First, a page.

Current Projects 2016-17
Power Of Attorney Month
During November MFIN will be able to link people with local solicitors who can help set up a Power of Attorney through the Legal Aid Scheme. Also some solicitors have generously agreed to offer discounts to those who don’t qualify for Legal Aid and in some cases may even be able to waive their fee. The full cost of setting up a Power of Attorney is normally around £380 so anyone interested in granting Power of Attorney can benefit from significant savings during the awareness month.
Power of Attorney is a legal document which gives someone you trust powers to act on your behalf if you become unable to make decisions for yourself, for example if you were to become effected by dementia, or if due to physical difficulties you need help to manage your financial affairs.
MFIN will also produce a Local Guide to Power of Attorney and this will include ideas for how to broach the subject with family members. The guide can be found on our Useful Resources page.
For more information about the project, please contact Penny at: firstname.lastname@example.org
Midlothian Fuel Bank
Funding will be used to supply emergency utility payments to eligible residents in crisis. This will reduce the need for people to choose between ‘heating or eating’, and provide warmth in homes over the cold winter period.
The Fuel Bank trial will begin in December 2016.
Better Banking, 2015-16
The focal point of our Better Banking project was an informational leaflet, outlining the new basic bank accounts which were introduced by high street banks in response to recent UK Government legislation. This leaflet has was circulated to a range of organisations and premises in Midlothian, e.g. through MFIN and Welfare Rights meetings.
The project also allowed us to map cash machine availability through ALISS. Whilst this was primarily used to identify local gaps, we’ve also promoted it as a resource for local support organisations.
We spoke to directly to the high street banks for the first time in our organisation’s history. RBS, Lloyds Banking Group, and Clydesdale each answered our questions on financial inclusion and access to basic bank accounts.
The project also prompted fresh engagement with Credit Unions. Castle Community Bank (CCB), an amalgamation of 3 Edinburgh-based credit unions are modernising and seeking to expand across Midlothian. Following an organised presentation by CCB at the 3 March MFIN meeting. Because the bank is actively seeking to support financially excluded people, it is interested in certain features of our research, such as availability of cash locally.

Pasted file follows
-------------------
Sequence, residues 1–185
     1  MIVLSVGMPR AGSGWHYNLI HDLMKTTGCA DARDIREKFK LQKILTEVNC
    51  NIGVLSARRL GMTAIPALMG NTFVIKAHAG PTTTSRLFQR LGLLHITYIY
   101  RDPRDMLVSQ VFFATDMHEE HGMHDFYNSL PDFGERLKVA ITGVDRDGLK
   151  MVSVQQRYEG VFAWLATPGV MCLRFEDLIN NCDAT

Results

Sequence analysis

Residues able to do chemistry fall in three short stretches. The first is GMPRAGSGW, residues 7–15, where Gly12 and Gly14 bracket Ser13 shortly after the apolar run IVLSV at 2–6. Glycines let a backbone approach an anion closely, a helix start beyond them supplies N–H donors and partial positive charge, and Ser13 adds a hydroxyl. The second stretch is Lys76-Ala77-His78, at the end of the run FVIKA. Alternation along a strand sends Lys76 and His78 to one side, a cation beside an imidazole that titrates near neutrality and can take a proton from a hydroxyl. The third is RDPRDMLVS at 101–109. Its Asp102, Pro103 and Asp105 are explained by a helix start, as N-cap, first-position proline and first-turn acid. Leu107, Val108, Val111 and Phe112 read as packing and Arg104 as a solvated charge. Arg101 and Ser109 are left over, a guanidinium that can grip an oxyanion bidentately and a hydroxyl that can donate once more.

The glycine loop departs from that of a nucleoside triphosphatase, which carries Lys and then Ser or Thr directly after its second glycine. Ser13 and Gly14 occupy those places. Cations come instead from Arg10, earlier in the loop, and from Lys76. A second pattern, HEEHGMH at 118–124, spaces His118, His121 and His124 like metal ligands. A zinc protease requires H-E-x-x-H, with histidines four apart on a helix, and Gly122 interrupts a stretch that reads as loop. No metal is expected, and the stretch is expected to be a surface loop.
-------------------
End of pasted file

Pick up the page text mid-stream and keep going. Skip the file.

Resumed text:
Better Banking was funded by the SCVO Community Capacity and Resilience Fund.
The Midlothian Area Resource Coordination for Hardship (MARCH) Project, 2013-15
At the start of the 2013-2014 financial year MFIN worked together with Midlothian Council, Changeworks and other local organisations in a successful bid to the Big Lottery Fund. Three new posts were created from the £200,000 award during the year under the MARCH Plan, including a Hardship Coordinator employed by MFIN. The project was then successful in securing additional funding from the Scottish Government’s HWRDF for 2014-2015 to mitigate the impact of Welfare Reform on health inequalities.
In year two of the project, 416 bus tickets were allocated to 73 individuals in hardship and 1013 tickets to 10 support agencies across Midlothian. These enabled people in crisis to travel to important meetings and receive support. The Hardship Coordinator also managed 134 hardship referrals and enquiries to and from organisations; and contributed towards a Community Cafe Guidebook in partnership with The Kabin, and Midlothian Food and Health Alliance.
The project was funded by Big Lottery, and delivered in partnership with Midlothian Council and Changeworks.
The MARCH Project ran until October 2015, and information from the project is available on our ‘Useful Resources’ page.
Digital Support Hub at Gorebridge Library, 2014-15
The Digital Support Hub project at Gorebridge Library took place from January to September 2015, under the oversight of MFIN’s Project Officer. The project’s main focus is was helping users’ access government services online, jobsearching and using the internet to aid social inclusion and employability. Improvements were made in the library to increase privacy and accessibility in the IT area.
The project was delivered in partnership with Midlothian Council and Volunteer Midlothian, and funded by Scottish Government’s Welfare Reform Resilience Fund.